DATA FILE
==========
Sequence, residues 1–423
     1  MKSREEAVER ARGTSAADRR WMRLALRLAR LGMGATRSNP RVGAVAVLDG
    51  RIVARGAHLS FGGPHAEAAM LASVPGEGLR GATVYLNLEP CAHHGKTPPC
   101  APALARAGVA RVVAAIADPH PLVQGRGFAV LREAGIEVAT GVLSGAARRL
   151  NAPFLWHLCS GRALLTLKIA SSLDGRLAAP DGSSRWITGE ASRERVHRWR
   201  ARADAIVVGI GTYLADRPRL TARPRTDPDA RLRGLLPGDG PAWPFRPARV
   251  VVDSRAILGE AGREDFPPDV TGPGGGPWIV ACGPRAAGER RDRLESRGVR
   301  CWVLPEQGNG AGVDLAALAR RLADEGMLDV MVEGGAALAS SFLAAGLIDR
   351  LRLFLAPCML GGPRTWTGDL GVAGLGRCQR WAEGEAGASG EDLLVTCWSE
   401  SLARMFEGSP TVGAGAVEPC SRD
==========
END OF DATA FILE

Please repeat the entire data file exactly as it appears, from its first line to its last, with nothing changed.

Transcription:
Sequence, residues 1–423
     1  MKSREEAVER ARGTSAADRR WMRLALRLAR LGMGATRSNP RVGAVAVLDG
    51  RIVARGAHLS FGGPHAEAAM LASVPGEGLR GATVYLNLEP CAHHGKTPPC
   101  APALARAGVA RVVAAIADPH PLVQGRGFAV LREAGIEVAT GVLSGAARRL
   151  NAPFLWHLCS GRALLTLKIA SSLDGRLAAP DGSSRWITGE ASRERVHRWR
   201  ARADAIVVGI GTYLADRPRL TARPRTDPDA RLRGLLPGDG PAWPFRPARV
   251  VVDSRAILGE AGREDFPPDV TGPGGGPWIV ACGPRAAGER RDRLESRGVR
   301  CWVLPEQGNG AGVDLAALAR RLADEGMLDV MVEGGAALAS SFLAAGLIDR
   351  LRLFLAPCML GGPRTWTGDL GVAGLGRCQR WAEGEAGASG EDLLVTCWSE
   401  SLARMFEGSP TVGAGAVEPC SRD